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Unpopular Ideas

Ramblings and Digressions from out of left field, and beyond....

Location: Piedmont of Virginia, United States

All human history, and just about everything else as well, consists of a never-ending struggle against ignorance.

Saturday, February 18, 2006

"The Population Bomb," Revisited

Recently, while looking for something on my bookshelves to read myself to sleep, I came across a paperback of "The Population Bomb," by Paul Ehrlich, published not long before I bought it, in 1968. That book made quite a stir at the time. Among other things Ehrlich predicted famines in the 1970's that would take many millions of lives. He was especially concerned about India. Famines did occur later but not to the extent that he predicted, because they happened mostly in Africa and especially in Ethiopia. India was saved because of the "Green Revolution."

Nowadays you don't hear so much about the dangers of overpopulation. It doesn't carry nearly the urgency of, say, global warming or the Federal deficit. Meanwhile Ehrlich's numerous critics gleefully like to point out how few of his predictions came true.

But it seems to me that we can hearken back to a moment in the largely and unjustly forgotten movie "World War Three," in which the Russian villains are momentarily taken aback when their machinations designed to attack the U.S. preemptively with nuclear bombs seems to be short-circuited by the unexpected murder of the peace-loving General Secretary, whom they had hoped to use as unwitting cover for their plans. The leader of this plot convinces one of his lieutenants that they must go on with their scheme anyway, because "Nevertheless, the principle is correct."

There are two basics to Ehrlich's views, and it seems to me that both have held true since the dawn of the Industrial Revolution. One is that the Earth's population, despite war and famine, has kept growing at an ever accelerating speed despite the lowering of birth rates in various countries and and now stands at well over six billion souls. And secondly, the materials that can be ripped out of the flesh of Mother Earth to accommodate all these people are finite and there are lesser and lesser amounts of these things, since no more is being added to the planet, from outer space, inner space, or anywhere else.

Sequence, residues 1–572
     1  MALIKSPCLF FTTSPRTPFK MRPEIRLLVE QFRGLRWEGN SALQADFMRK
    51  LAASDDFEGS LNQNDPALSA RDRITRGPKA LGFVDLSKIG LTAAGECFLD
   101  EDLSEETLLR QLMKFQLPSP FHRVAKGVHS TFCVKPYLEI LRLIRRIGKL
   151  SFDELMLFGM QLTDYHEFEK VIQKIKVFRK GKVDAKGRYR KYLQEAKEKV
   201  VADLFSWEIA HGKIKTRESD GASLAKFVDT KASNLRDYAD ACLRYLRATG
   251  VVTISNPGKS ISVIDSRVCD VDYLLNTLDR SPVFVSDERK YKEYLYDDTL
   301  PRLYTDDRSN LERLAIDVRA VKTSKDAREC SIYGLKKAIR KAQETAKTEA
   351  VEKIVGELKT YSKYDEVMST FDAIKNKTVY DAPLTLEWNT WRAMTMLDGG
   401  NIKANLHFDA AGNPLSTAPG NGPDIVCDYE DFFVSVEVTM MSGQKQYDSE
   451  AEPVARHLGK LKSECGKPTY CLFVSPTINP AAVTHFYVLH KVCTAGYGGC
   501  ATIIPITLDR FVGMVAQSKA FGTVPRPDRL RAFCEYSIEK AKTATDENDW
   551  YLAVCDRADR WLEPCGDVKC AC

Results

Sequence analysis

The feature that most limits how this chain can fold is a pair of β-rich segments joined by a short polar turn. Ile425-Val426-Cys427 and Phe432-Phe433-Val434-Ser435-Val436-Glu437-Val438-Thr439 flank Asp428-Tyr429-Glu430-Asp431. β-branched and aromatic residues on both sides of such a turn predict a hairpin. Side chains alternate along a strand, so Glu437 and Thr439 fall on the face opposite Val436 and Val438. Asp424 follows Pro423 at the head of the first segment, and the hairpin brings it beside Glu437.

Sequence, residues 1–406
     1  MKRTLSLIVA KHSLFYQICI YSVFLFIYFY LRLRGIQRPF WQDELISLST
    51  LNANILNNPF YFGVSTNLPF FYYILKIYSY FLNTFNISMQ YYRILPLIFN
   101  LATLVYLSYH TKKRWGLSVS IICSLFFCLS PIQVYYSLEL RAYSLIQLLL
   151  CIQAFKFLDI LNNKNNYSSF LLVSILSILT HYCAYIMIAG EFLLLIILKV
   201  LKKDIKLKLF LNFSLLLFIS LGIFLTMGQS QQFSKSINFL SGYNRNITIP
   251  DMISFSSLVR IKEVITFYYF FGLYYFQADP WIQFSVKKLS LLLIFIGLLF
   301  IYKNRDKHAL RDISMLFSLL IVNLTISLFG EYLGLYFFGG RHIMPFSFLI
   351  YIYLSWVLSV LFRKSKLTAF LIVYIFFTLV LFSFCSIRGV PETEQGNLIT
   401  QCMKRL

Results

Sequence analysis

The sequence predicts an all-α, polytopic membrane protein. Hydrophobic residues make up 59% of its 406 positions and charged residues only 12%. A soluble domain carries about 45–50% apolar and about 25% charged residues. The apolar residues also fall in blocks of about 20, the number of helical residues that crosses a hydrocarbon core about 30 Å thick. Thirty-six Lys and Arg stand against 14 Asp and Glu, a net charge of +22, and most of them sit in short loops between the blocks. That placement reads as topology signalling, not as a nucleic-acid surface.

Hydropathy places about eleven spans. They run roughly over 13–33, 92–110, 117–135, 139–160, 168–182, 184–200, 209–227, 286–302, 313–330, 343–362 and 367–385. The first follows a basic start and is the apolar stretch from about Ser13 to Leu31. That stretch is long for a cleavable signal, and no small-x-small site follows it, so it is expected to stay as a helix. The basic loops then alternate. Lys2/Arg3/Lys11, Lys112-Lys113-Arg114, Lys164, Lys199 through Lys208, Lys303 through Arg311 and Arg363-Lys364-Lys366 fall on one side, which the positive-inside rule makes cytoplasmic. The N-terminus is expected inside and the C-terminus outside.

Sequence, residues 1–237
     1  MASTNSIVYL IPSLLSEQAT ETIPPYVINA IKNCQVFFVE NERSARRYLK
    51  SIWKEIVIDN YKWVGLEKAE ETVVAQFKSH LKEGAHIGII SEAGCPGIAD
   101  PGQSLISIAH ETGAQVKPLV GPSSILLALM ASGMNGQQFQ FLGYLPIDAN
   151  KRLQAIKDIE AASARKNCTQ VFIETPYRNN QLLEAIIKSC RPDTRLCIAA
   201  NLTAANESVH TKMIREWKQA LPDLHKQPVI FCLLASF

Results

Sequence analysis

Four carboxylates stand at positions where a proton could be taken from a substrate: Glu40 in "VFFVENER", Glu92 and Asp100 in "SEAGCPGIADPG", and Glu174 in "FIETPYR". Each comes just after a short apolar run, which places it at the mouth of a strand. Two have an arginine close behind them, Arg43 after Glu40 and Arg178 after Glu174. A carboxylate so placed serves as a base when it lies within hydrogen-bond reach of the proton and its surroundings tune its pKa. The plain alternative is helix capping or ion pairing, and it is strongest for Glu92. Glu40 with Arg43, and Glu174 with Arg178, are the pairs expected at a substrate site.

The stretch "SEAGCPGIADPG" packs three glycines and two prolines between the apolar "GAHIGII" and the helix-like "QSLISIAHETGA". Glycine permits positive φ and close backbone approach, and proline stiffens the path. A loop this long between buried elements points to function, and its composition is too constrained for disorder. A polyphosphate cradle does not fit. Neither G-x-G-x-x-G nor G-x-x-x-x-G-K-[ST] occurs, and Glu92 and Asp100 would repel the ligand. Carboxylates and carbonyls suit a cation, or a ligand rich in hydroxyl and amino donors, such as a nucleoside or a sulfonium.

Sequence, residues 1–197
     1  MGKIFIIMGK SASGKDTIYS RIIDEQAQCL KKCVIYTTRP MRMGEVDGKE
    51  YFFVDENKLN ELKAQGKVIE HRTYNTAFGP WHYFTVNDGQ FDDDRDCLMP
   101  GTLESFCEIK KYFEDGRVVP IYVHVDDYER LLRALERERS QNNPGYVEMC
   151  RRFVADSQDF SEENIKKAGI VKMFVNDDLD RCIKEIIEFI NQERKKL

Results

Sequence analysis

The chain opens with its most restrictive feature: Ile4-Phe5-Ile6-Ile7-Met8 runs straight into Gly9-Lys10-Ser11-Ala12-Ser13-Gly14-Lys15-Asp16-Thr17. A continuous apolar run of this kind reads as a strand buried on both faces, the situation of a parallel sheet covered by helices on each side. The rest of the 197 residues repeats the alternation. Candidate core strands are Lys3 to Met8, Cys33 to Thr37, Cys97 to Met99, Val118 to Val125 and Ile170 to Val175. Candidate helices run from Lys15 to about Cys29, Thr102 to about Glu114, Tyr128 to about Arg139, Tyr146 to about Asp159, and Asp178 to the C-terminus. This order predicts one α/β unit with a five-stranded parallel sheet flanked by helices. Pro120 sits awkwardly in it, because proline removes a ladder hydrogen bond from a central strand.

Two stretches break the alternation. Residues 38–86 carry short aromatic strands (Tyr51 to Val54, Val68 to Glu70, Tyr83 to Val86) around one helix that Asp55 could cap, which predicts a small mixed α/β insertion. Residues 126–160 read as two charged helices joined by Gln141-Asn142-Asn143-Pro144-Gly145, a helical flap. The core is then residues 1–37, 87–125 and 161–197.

So Ehrlich's basic proposition must be correct. It's just that he's a bad predictor and bettor, when it comes to time frames. But that's a risk that anybody runs when they try to get a jump on the future.

I read that in 1980 he told one of his adversaries that he would buy $1,000 worth of five commodities each -- tin, tungsten, copper, nickel, and chrome -- and that if their prices were higher in 10 years time, as he predicted, reflecting the growing scarcity of the metals, the guy would have to pay him the difference, and vice-versa if they were lower. In 1990 he ended up losing the bet and having to fork over $476.

We might wonder why he stuck in blah light bulb stuff like nickel and tungsten. Why didn't he rely instead on the bigtime things that we all know and love? Even by 1980 a rise of oil prices could be foreseen, due to the crisis of 1973. He could've made a killing there if he had waited a little longer. Or why didn't he bet the cost of cars, houses, or land instead?

Overpopulation might not be much spoken of these days, but I think that's because racism in particular has driven people to perfect the art of saying one thing when they really mean another. Overpopulation -- acccompanied in many cases by racism -- is behind the numerous outcries against "illegal immigration." It is behind the unjustified invasion of Iraq and the necessity that Israel finds to lock its own self up behind a wall, ghetto-style. It is behind the outbursts in a number of countries, especially in Europe and Russia, when the people who are used to being the majority and the land's creating citizens now find their status threatened by the higher birth rates of what they judge to be inferior components of their population. It is behind the fear of countries like India and China and their increasing technical and financial prowess and their several billions of people, as they reach out for what they consider their share of the ever dwindling supply of oil and other items considered absolutely necessary for the better life. It is behind gridlock and the drowning of the individual and the inability anymore simply to walk up to the window and buy a ticket and walk into the stadium to see a pro football game, as you used to be able to do 40 years ago, before the travesties of season tickets (though maybe I can better attribute that last-cited to the same mass hysteria that made gladiator fights and the wholesale murder of wild animals so attractive to the ancient Romans).


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